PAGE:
Poultry farmers in distress with trade stopped dead in its tracksWithout subsidised insurance premiums and bank loans, the poultry business could collapse, chicken raisers said.
Poultry farmers in the western part of the country are in distress as trade is stopped dead in its tracks due to the nationwide lockdown which is in its sixth week.
Chicken raisers have not been able to ship their products to market for lack of transportation, and they are hurting as revenues have dried up. Losses amount to millions of rupees daily, entrepreneurs said.
"Nearly 2,500 egg farmers in Province 5 are suffering because production has outstripped sales, and unsold stocks are piling up," said Prem Hari Timilsina, president of the Province Egg Entrepreneurs Association.
“We appreciate the government's decision to confine people to their homes to save them from the deadly virus, but it should do something to address the problems of poultry farmers too,” he said.
Feed manufacturers have raised the price of their products citing a shortage of raw materials, and this has increased losses for chicken farmers because of lack of sales, he said.
“We were selling eggs for Rs11.53 each, and now we have to be happy if we get Rs6 apiece,” he said. "It is difficult to find buyers even though prices have plunged. Entrepreneurs are not able to obtain new chicks because of the lockdown."
The association has received information that around 3,000 chickens had to be destroyed in the province.
“If the government launches a relief plan to buy eggs from the farms, consumers will get protein and poultry farmers will have a market for their products,” he said.
"Chicken raisers have been proclaiming their problems to the government, but nothing has happened," he said. "If the current difficult situation prolongs, small farms could go under."
Mukti Pokhrel, owner of New Pragatisali Poultry Tatha Krishi Farm in Pyuthan, said the lockdown had resulted in piles of eggs going to waste.
Pokhrel raises 10,000 chickens on his farm. He said he had to return empty-handed after not being able to buy feed for his flock even though he scoured the entire market in Butwal. He has not been able to ship his products to other districts either.
He said it was difficult to find buyers for his eggs even at Rs1,400 per carton while he was getting Rs1,900 per carton during normal times. As a result, he is not even breaking even. The minimum salary for a worker at his farm is Rs10,000 per month
"If the government does not create a market for egg farmers and makes feed easily available, the poultry business will be in grave trouble," he said.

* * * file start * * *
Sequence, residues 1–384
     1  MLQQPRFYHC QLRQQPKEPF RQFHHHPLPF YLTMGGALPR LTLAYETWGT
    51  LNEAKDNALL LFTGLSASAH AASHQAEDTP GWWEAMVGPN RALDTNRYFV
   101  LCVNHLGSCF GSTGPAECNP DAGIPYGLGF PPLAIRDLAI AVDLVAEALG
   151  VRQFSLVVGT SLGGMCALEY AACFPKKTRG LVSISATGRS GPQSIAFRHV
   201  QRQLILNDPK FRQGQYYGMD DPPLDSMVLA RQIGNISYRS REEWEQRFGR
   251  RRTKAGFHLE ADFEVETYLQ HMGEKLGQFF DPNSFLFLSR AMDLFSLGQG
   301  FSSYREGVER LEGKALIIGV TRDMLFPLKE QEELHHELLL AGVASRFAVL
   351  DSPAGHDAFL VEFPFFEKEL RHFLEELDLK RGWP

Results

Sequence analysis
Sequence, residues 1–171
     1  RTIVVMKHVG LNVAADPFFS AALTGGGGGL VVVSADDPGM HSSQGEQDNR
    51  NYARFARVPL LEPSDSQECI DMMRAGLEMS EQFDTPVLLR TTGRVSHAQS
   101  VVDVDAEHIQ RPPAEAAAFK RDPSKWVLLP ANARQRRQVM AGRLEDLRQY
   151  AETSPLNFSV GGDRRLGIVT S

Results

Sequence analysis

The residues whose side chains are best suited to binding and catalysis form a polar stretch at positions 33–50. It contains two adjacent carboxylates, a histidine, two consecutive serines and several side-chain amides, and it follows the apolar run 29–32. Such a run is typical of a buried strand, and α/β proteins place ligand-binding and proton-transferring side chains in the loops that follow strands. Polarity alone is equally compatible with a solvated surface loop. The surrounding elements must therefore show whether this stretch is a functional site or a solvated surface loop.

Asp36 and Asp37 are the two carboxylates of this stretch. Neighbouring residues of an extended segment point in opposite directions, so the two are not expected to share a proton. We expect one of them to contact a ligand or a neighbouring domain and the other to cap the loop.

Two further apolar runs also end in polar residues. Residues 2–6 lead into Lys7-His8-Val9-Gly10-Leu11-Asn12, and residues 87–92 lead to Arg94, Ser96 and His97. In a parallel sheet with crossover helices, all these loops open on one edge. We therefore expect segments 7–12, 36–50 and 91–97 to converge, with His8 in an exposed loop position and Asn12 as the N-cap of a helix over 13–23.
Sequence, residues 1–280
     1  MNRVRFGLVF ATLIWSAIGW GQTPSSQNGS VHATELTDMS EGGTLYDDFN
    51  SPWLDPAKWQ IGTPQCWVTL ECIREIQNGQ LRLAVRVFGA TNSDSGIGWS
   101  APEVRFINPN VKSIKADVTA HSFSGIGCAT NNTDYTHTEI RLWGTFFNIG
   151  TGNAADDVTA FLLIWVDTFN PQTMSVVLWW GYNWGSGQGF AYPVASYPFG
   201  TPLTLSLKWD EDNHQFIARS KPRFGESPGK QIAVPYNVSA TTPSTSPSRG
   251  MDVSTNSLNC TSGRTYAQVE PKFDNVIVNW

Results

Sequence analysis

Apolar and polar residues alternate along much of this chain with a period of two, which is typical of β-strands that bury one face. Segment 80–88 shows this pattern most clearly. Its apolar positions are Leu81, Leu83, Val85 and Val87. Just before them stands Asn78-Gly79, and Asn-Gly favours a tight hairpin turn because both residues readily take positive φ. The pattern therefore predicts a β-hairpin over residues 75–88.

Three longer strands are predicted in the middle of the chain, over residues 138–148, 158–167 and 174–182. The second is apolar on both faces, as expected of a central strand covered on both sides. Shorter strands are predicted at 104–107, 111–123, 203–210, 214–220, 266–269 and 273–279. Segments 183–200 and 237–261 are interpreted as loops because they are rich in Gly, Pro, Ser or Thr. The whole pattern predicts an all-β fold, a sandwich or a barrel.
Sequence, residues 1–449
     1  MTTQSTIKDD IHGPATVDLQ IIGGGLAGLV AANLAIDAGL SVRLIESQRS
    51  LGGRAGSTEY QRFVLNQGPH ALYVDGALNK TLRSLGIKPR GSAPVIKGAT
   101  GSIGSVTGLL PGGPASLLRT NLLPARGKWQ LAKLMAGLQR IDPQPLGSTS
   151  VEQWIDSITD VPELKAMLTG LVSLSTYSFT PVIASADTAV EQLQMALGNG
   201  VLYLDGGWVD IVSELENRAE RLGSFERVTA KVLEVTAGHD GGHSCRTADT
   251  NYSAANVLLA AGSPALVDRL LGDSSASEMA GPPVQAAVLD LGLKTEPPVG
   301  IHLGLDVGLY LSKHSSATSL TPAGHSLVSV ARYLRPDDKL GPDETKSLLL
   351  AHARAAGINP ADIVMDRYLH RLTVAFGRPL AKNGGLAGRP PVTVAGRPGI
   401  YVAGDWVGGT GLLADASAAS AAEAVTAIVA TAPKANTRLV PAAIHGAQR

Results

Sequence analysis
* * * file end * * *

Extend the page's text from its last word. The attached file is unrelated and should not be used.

The feed available at home like maize does not provide the required amount of nutrition. Shortages of feed and vaccines increase the chances of chickens dying and eggs going to waste.
Pokhrel said his losses during the period of the lockdown total nearly Rs3 million. His farm produces 7,000 eggs daily which used to be supplied to Butwal and Bhairahawa. Now a carton of eggs barely fetches Rs1,200 which is not even enough to pay his workers and cover the cost of transportation.
Bhim Kaji Gurung, owner of Gurung Agriculture and Poultry, said that without subsidised insurance premiums and bank loans, the poultry business could collapse.
Farmers are facing a difficult situation because the government has not fixed the price of eggs. Due to the layers of middlemen in the supply chain, farmers are not getting a good value for their products and consumers are being forced to pay high prices, he said.
Gopal Pandey's Sangam Poultry in Dobhan contains 10,000 chickens which produce more than 9,000 eggs daily. “But I cannot sell even 5 percent of the output in the market,” he said. If the government spreads the message that eggs and chickens do not spread the coronavirus, demand would increase in the market.
Pandey employs six workers on his farm whom he pays Rs15,000 per month. As the weather has been turning hotter, the eggs cannot be stored for a long period. He is looking at huge losses because there is no technology in the country to produce any food item from them.
Lalit GC, a central member of the Bardia Egg Entrepreneur and Nepal Egg Production Association, owns 4,500 chickens. He said he had been reducing egg production so he wouldn't be left with unsold stocks. His farm produces five crates of eggs daily, and he provides 30 grams of feed to each chicken.
Demand for eggs has dropped sharply, said Bhakta Sharma, owner of Shrijanshil Poultry Farm in Dang. Shipments to Kathmandu have also stopped, said Sharma whose farm produces 80 cartons of eggs daily.
Sharma said he spent Rs15 million on his farm, and with the investment wasted, he does not know how he is going to repay his bank loans.